What is an mRNA codon?

1 Answer
Apr 2, 2017

A mRNA codon is a 3 base pair long part of the mRNA that codes for a specific amino acid in the ribosomes of a cell.


Cells make protein for many different reasons. A protein can, for example, be an enzyme or an inhibitor. The information to make this protein is stored inside the nucleus of the cell in the DNA (Deoxyribonucleic acid).

The way that this information is stored is by placing so-called 'bases' on a line. The information what to make and what to do is coded in the order of these bases. A single stranded DNA is showed below.
DNA is double stranded meaning that there are 2 strands with the same 4 bases coupled to each other (A-T and C-G)

To make the proteins DNA is transcripted into mRNA. This stands for messenger RNA. The base order of DNA is read by enzymes and a single stranded mRNA is made. mRNA differs from DNA in some aspects.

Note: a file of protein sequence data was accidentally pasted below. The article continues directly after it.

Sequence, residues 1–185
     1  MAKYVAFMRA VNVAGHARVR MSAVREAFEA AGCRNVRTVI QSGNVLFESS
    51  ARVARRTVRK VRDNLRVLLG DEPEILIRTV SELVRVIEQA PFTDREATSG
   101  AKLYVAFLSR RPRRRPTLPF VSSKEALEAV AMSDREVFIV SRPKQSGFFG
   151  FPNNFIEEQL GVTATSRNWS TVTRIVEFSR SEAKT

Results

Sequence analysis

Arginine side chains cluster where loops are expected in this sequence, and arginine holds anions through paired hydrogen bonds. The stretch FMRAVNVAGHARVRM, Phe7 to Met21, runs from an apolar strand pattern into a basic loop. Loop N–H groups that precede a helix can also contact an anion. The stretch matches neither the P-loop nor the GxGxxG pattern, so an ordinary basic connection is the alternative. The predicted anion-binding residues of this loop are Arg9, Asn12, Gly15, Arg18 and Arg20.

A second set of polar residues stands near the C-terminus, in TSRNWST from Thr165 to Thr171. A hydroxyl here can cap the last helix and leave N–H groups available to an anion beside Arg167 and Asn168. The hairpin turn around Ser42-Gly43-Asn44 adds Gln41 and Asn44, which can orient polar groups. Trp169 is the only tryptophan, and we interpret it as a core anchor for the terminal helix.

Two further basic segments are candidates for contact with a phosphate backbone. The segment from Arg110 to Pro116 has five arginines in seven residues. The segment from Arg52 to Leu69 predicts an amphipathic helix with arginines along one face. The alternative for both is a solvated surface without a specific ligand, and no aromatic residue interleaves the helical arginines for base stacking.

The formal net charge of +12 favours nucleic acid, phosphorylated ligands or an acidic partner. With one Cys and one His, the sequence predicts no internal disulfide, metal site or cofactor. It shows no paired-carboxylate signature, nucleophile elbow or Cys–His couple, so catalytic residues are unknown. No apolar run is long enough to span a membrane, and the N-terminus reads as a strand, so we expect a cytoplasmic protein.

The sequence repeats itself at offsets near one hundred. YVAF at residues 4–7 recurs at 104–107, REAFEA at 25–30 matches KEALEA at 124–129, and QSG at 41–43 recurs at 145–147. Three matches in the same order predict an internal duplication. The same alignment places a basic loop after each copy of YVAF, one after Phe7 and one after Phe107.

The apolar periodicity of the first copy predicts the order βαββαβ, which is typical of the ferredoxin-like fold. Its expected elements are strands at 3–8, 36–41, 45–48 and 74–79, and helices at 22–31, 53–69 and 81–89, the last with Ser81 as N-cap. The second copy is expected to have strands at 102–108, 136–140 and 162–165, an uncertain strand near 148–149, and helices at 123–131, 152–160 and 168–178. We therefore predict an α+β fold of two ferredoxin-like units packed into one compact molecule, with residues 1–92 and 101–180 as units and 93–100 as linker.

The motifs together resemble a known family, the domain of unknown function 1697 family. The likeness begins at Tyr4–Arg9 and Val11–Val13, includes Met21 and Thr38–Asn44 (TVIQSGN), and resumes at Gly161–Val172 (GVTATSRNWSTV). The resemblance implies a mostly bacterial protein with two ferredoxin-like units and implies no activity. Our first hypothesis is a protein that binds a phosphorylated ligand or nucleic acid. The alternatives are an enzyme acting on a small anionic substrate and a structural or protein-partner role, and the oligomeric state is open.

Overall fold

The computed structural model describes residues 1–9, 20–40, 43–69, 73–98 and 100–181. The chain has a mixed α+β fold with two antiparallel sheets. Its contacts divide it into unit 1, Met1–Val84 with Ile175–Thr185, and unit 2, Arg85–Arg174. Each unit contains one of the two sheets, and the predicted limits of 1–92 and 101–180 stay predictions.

Now, this mRNA can leave the cell nucleus and travel to an organelle called the ribosomes. Here the mRNA is read and amino acids are made. Each 3 bases along the mRNA line codes for 1 amino acids. So you can have, for example, the bases ACC which codes for the amino acid Threonine.

It is pretty easy to find out which amino acids are created using the image below. http://www.chemguide.co.uk/organicprops/aminoacids/dna5.html

First, you chose a base at the vertical left. Then you selected the second base at the horizontal top, and then for the third base you select at the vertical right side. As you can see, some mRNA codons are coding for the same amino acid.

Amino acids are used to create proteins.